Blue and white lotus-shaped teapot

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Kangxi Period, 1662 - 1722
9.7 cm
15.5 cm

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This lotus-shaped teapot has eight double rimmed petals alternating with floral and landscape scenes. The landscape scenes show rocky landscapes with water, houses and in two scenes a person. The cover is shaped like a lotus bud and decorated with floral motives. The handle and spout of the teapot have similar flowers on both sides. The bottom of the teapot is marked with an artemisia leaf.

The lotus is a special flower in Buddhist symbolism; it represents purity of the body, mind and speech, as if floating above the murky waters of material attachment and physical desire. According to legend, Buddha’s first steps made lotus flowers appear everywhere he walked.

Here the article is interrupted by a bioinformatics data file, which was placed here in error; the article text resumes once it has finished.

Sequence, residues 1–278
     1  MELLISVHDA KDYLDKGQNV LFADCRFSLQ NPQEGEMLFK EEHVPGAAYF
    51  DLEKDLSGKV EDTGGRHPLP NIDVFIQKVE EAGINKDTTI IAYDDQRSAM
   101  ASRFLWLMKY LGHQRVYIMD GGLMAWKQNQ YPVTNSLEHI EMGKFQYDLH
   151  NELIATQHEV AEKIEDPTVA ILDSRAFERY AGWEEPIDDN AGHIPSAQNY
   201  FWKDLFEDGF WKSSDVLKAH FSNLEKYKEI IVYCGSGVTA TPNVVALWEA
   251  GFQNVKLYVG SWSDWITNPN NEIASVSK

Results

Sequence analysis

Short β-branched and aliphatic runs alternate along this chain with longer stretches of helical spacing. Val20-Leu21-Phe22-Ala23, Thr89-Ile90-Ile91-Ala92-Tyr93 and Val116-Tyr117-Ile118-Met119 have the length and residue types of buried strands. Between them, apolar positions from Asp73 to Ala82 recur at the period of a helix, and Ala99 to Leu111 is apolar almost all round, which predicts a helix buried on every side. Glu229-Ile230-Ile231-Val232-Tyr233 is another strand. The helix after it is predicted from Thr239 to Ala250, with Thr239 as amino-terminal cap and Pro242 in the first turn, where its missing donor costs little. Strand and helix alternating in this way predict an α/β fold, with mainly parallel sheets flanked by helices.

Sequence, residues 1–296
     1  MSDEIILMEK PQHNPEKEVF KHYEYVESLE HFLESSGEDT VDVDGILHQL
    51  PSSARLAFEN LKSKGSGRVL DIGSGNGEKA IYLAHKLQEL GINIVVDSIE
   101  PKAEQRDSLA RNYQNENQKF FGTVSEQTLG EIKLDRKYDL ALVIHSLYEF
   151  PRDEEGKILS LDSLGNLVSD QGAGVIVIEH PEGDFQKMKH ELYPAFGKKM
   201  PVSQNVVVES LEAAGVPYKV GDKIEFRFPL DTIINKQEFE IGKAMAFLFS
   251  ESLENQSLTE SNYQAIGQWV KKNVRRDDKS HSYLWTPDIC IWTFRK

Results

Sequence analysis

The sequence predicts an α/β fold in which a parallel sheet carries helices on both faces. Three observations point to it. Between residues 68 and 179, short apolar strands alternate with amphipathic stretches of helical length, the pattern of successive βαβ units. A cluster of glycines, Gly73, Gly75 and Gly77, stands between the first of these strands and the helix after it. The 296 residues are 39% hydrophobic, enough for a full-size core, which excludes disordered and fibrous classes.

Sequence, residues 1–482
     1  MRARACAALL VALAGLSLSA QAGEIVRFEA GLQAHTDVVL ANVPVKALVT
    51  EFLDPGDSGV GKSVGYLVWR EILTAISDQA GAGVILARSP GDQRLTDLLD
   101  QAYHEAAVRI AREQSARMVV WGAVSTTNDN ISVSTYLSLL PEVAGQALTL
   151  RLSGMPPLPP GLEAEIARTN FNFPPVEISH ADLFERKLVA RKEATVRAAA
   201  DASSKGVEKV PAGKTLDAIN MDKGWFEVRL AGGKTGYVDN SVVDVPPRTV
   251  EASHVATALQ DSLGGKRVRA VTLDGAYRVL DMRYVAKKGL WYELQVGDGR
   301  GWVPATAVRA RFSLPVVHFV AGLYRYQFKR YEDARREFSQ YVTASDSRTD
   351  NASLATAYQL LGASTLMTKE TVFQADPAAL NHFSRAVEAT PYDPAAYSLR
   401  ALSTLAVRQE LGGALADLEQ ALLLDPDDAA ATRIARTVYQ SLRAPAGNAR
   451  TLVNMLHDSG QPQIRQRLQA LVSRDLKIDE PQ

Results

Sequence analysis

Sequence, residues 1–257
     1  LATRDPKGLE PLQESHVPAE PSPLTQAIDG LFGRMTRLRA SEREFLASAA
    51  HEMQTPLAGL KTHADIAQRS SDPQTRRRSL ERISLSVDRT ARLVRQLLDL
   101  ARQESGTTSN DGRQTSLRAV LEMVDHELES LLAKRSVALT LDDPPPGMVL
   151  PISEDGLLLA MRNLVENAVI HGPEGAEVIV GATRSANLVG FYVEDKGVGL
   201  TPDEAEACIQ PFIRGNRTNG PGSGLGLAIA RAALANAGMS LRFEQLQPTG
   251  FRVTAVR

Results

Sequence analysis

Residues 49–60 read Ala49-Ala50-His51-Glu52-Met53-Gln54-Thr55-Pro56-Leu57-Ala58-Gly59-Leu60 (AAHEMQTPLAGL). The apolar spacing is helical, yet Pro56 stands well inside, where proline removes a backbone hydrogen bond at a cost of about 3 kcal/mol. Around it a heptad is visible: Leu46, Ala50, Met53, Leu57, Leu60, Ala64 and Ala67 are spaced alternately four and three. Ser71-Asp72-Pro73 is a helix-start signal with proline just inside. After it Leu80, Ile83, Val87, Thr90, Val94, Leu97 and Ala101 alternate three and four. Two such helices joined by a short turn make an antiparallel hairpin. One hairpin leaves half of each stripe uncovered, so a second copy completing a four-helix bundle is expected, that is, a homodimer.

Tea has been playing an important part in Chinese culture and rituals for more than 2000 years. Recent discoveries proved that tea was used as an imperial beverage in the early Han dynasty, 2nd century BC. In the centuries that followed, tea became more and more available for the whole population, and during the Tang dynasty (618 - 907), under influence of Buddhism, drinking tea became an important part of everyday life. At first, tea was mostly prepared from compressed bricks of powdered tea. Over time, this evolved into the use of loose tea leaves which made teapots for steeping necessary. The Chinese tea, and porcelain teawares, turned out to be popular export products and in high demand in both Japan and Europe during the Qing dynasty.   


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